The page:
Firewood: Getting Ready for Winter 2019-2020! Part 1

 “Give me six hours to chop down a tree and I will spend the first four sharpening the axe.” Abraham Lincoln

Yes, we know this article is mostly handy for next year, and won’t help you get your wood pile in shape this year, but there are actually things you can start doing this winter that will make next winter warm and toasty!

Written by Jim Finley, Professor Emeritus, Forest Resources Management, Center for Private Forests at Penn State

University Park, PA – November 20, 2018 – After a long, hot, and, in some places, a wetter than normal summer, it seems autumn has finally arrived. Perhaps your thoughts are turning toward evenings warming in front of the fireplace or cozying up to the woodstove. The US Energy Information Administration estimates that about three percent of all Pennsylvania households depend on wood as a primary heat resource. Updated census data in 2017 found that there are nearly six million households in the state, meaning that about 170,000 homes use wood for heating; however, very likely many more use some wood to supplement their heating demands.

Preparing Firewood

Those folks who burn wood for heat know the mantra that it should be cut to length, split, stacked off the ground, and covered for at least nine months to be dry and ready to burn. Preparing firewood well in advance ensures that its moisture content will approach 20 percent. At this level of dryness, there are fewer issues with creosote formation in the flue, and this certainly reduces risks of chimney fires. As well, the heat gained by burning dry wood over uncured wood is significant. Clearly, there are advantages to thinking a year out if you gather your own firewood.

An important part of firewood preparation involves cutting to length and splitting. Doing this exposes more surface area, which enhances water loss from wood cells. Stacking is also important, as it promotes air movement across the exposed surfaces. Finally, covering, so air is free to move through the stack, keeps precipitation (think rain and snow) from continually wetting the wood.

The Risks of Gathering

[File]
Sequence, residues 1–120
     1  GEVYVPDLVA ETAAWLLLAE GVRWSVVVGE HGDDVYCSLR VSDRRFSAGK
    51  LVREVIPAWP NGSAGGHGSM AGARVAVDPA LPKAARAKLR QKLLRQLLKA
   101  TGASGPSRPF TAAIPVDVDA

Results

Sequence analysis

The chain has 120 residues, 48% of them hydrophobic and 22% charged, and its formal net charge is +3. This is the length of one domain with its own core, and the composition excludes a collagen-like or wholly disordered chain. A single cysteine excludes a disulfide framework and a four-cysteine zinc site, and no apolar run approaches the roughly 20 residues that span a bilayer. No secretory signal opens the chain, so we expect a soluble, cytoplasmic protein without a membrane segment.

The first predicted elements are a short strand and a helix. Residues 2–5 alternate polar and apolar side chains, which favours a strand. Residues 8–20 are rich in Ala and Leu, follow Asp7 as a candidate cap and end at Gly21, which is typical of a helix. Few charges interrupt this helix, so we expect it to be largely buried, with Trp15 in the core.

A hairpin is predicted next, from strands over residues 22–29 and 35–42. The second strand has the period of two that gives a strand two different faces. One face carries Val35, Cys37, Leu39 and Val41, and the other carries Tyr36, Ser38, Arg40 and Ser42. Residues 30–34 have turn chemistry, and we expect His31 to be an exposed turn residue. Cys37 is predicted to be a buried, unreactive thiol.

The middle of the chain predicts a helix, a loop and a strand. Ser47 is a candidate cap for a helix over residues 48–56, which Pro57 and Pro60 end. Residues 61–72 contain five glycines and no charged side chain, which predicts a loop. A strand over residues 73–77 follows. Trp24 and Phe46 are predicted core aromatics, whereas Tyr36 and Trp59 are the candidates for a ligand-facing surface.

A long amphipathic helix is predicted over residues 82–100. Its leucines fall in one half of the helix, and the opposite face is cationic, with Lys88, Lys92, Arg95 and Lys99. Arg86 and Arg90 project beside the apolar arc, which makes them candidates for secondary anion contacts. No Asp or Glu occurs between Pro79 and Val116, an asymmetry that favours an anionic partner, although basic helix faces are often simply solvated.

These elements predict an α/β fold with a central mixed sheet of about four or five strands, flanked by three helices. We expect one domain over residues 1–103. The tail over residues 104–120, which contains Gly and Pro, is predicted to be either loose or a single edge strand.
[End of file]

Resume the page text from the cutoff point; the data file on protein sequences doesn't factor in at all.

Undoubtedly, many Pennsylvanians gather their own firewood on privately held forests or on state forests with appropriate permits. This is arduous work; but at the same time can be enjoyable. However, firewood gathering involves risks. A research paper published in Advances in Emergency Medicine analyzed nearly 116,000 chainsaw injures requiring emergency room visits between 2009 and 2013 in the United States[1]. They found that, “Most injury visits occurred among males (95%) and persons aged 30–59 years and during the months of September through November. The main body sites injured were the hand/fingers and knee.” If you are going to cut and move firewood, please make sure you understand how to use the necessary tools, always wear appropriate and approved safety equipment, and understand your personal limits and skills.

The Pennsylvania Forest Stewardship Program provides publications on a variety of topics related to woodland management. For a list of free publications, call 800 235 9473 (toll free), send an email to, or write to Forest Stewardship Program, The Pennsylvania State University, 416 Forest Resources Building, University Park, PA 16802. The Pennsylvania DCNR Bureau of Forestry, USDA Forest Service, Penn State Extension, and the Center for Private Forests at Penn State, in Partnership through Penn State’s Department of Ecosystem Science and Management, sponsor the Forest Stewardship Program in Pennsylvania.

[1] Epidemiology of Chain Saw Related Injuries, United States: 2009 through 2013. Advances in Emergency Medicine

Volume 2015, Article ID 459697, 4 pages.